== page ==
4. The District Court abused its discretion in fixing the amount of respondents' attorney's fees, since none of the reasons relied on by the court to increase the reimbursement rate above the statutory maximum was a "special factor" within the EAJA's meaning. Since the "special factor" formulation suggests that Congress thought that $75 an hour is generally sufficient regardless of the prevailing market rate, the "limited availability" factor must refer to attorneys "qualified for the proceedings" in some specialized sense, such as patent lawyers for patent proceedings, rather than just in their general legal competence. Similarly, in order to preserve the $75 cap's effectiveness, other "special factors"
must be such as are not of broad and general application. Thus, most of the factors relied on by the court -- the "novelty and difficulty of issues," "the undesirability of the case," "the work and ability of counsel," "the results obtained," and "the contingent nature of the fee" -- do not qualify, since they are applicable to a broad spectrum of litigation, and are little more than routine reasons why market rates are what they are. Pennsylvania v. Delaware Valley Citizens' Council for Clean Air,483 U. S. 711, distinguished. Pp. 487 U. S. 571-574.
761 F.2d 1342 and 802 F.2d 1107, affirmed in part, vacated in part, and remanded.
SCALIA, J., delivered the opinion of the Court, in Part I of which all participating Members joined, in Parts II and IV of which REHNQUIST, C.J., and BRENNAN, MARSHALL, BLACKMUN, and STEVENS, JJ., joined, in Part III of which REHNQUIST, C.J., and WHITE, STEVENS, and O'CONNOR, JJ., joined, and in Part V of which REHNQUIST, C.J., and STEVENS, J., joined, and WHITE and O'CONNOR, JJ., joined except as to the last three lines. BRENNAN, J., filed an opinion concurring in part and concurring in the judgment, in which MARSHALL and BLACKMUN, JJ., joined, post, p. 487 U. S. 574. WHITE, J., filed an opinion concurring in part and dissenting in part, in which O'CONNOR, J., joined, post, p. 487 U. S. 583. KENNEDY, J., took no part in the consideration or decision of the case.
JUSTICE SCALIA delivered the opinion of the Court.
Respondents settled their lawsuit against one of petitioner's predecessors as Secretary of Housing and Urban Development,
and were awarded attorney's fees after the court found that the position taken by the Secretary was not "substantially justified" within the meaning of the Equal Access to Justice Act (EAJA), 28 U.S.C. § 2412(d). The court also determined that "special factors" justified calculating the attorney's fees at a rate in excess of the $75 per hour cap imposed by the statute. We granted certiorari, 481 U.S. 1047 (1987), to resolve a conflict in the Courts of Appeals over important questions concerning the interpretation of the EAJA. Compare Dubose v. Pierce, 761 F.2d 913 (CA2 1985), cert. pending, No. 85-516, with 761 F.2d 1342 (CA9 1985) (per curiam), as amended, 802 F.2d 1107 (1986) (case below).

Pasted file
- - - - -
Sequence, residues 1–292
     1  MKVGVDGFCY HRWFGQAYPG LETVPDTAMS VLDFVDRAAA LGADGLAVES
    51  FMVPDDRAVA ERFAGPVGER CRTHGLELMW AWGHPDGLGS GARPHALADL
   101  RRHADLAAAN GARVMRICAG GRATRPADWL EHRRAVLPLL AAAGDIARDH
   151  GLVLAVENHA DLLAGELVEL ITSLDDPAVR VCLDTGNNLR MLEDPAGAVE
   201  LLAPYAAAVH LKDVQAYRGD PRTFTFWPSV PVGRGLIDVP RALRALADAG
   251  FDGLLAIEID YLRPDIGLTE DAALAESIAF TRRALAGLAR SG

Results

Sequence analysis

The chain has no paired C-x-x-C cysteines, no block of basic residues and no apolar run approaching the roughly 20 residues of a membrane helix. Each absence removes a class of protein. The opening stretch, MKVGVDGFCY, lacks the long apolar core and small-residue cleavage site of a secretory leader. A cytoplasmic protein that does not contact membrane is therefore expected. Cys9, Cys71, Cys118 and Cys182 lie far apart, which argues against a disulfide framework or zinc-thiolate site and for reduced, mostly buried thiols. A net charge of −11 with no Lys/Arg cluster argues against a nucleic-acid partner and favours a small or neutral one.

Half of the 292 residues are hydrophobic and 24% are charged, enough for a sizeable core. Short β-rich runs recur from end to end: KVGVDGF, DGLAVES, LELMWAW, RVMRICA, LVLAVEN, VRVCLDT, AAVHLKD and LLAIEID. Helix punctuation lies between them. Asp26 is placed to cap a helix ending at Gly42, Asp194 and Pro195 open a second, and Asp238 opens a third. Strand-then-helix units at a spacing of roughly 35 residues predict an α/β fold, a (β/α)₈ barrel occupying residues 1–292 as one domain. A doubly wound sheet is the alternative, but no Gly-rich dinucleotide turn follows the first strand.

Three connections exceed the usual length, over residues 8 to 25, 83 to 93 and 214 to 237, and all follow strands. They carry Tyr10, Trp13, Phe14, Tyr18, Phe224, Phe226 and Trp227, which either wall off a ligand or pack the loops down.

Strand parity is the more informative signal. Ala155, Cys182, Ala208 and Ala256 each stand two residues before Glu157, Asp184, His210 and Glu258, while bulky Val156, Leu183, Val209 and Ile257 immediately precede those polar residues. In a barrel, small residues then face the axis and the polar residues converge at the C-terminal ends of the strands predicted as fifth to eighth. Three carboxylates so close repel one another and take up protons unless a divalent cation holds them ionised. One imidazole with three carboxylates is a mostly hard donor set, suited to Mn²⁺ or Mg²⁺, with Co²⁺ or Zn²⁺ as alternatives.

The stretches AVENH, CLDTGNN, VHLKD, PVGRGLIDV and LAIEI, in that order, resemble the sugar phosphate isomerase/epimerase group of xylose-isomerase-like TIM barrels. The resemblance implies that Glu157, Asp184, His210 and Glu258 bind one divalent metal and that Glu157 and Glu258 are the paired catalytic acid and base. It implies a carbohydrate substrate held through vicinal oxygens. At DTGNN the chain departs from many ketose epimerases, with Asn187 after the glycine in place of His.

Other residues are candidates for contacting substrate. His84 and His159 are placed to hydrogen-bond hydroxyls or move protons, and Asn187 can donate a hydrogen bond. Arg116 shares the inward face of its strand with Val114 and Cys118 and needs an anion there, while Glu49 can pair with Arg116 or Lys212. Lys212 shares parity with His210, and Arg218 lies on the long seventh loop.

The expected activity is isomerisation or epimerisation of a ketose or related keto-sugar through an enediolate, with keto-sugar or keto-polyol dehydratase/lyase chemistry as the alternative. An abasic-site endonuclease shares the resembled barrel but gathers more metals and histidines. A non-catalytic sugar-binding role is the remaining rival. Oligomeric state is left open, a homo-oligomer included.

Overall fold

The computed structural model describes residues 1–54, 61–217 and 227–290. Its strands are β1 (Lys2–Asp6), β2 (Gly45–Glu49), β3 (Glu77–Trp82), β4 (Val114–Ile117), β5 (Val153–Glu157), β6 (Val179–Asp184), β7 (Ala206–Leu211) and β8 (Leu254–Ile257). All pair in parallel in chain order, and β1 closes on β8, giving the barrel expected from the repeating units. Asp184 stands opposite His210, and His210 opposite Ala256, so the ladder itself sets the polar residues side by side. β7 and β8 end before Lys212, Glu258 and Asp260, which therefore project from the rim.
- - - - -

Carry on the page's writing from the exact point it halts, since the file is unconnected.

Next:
This dispute arose out of a decision by one of petitioner's predecessors as Secretary not to implement an "operating subsidy" program authorized by § 236 as amended by § 212 of the Housing and Community Development Act of 1974, Pub.L. 93-383, 88 Stat. 633, formerly codified at 12 U.S.C. §§ 1715z-1(f)(3) and (g) (1970 ed., Supp. IV). The program provided payments to owners of Government-subsidized apartment buildings to offset rising utility expenses and property taxes. Various plaintiffs successfully challenged the Secretary's decision in lawsuits filed in nine Federal District Courts. See Underwood v. Pierce, 547 F.Supp. 256, 257, n. 1 (CD Cal.1982) (citing cases). While the Secretary was appealing these adverse decisions, respondents, members of a nationwide class of tenants residing in Government-subsidized housing, brought the present action challenging the Secretary's decision in the United States District Court for the District of Columbia. That court also decided the issue against the Secretary, granted summary judgment in favor of respondents, and entered a permanent injunction and writ of mandamus requiring the Secretary to disburse the accumulated operating subsidy fund. See Underwood v. Hills, 414 F.Supp. 526, 532 (DC 1976). We stayed the District